"EASY TO SEE WHY 'PHANTOM' WAS CATNIP FOR DAFT PUNK"
In a review of the album, Slate's Geeta Dayal delved into the Paul Williams collaboration "Touch," and its relationship to Phantom Of The Paradise:
Here they’ve “sampled” the vintage production of their favorite records, using the same analog equipment, techniques, and musicians. Instead of sampling Chic, they brought in Chic co-founder Nile Rodgers to play guitar on two tracks. Instead of sampling Quincy Jones’ productions for Michael Jackson in the 1980s, they brought in the actual session musicians who played on the albums—including John J.R. Robinson, a drummer on Michael Jackson’s Off the Wall, and the guitarist Paul Jackson, who played on Thriller. They’ve “sampled” the clothes, too (Daft Punk’s tight sequined jackets resemble Michael Jackson’s) and the fonts (the cursive lettering on the cover of Random Access Memories resembles the cover of Thriller). Daft Punk even “sampled” their favorite movie—the 1974 Brian De Palma schlock classic Phantom of the Paradise—by inviting in Paul Williams, the movie’s composer and lead actor, to sing the album’s epic, melodramatic centerpiece, “Touch.”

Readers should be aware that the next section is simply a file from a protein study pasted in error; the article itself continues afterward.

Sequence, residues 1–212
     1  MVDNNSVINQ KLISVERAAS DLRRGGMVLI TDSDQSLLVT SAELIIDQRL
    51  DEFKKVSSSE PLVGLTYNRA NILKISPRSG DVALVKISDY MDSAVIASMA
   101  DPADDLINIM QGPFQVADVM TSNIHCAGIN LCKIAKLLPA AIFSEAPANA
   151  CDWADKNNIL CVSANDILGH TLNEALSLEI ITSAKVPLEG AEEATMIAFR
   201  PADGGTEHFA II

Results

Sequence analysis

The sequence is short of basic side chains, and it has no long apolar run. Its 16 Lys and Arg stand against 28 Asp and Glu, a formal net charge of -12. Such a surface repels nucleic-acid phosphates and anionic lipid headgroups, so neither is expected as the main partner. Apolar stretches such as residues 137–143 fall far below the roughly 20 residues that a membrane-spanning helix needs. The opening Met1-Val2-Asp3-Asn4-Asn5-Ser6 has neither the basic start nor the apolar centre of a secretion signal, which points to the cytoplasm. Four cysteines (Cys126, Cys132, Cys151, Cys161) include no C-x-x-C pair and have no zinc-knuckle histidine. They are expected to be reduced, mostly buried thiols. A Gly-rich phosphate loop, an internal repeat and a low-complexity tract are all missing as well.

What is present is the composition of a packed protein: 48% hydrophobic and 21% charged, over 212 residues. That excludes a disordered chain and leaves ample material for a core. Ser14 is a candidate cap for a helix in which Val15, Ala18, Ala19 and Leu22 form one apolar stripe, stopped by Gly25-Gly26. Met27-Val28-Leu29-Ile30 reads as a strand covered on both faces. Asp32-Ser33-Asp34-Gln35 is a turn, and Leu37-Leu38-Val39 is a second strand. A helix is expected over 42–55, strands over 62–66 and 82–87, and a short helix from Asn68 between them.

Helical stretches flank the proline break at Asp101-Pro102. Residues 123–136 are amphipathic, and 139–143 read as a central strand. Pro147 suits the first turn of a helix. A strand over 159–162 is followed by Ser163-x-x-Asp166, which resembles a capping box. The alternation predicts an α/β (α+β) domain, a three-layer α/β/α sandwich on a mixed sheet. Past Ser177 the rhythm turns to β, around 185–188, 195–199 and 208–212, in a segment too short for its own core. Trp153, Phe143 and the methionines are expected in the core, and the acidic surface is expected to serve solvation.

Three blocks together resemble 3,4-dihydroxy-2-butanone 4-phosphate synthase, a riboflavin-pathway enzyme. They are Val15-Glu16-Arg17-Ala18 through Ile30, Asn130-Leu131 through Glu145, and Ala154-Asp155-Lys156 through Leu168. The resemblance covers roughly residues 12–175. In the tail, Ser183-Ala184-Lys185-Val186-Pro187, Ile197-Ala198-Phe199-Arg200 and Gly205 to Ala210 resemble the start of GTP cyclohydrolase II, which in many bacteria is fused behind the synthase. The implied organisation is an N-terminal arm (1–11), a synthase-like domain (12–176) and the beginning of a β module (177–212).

Phantom of the Paradise is key to understanding Daft Punk’s aesthetic. In the movie, a nerdy songwriter is reborn as a phantom who attempts to exact revenge on an evil svengali record producer named Swan. In one scene in the movie, Swan traps the phantom—now wearing a tight black leather jacket and a robot helmet—in a sophisticated recording studio walled with racks of analog gear. The phantom, whose vocal cords have been destroyed, speaks through a talk box attached to his chest, sounding remarkably like a vocodered lyric in a Daft Punk song.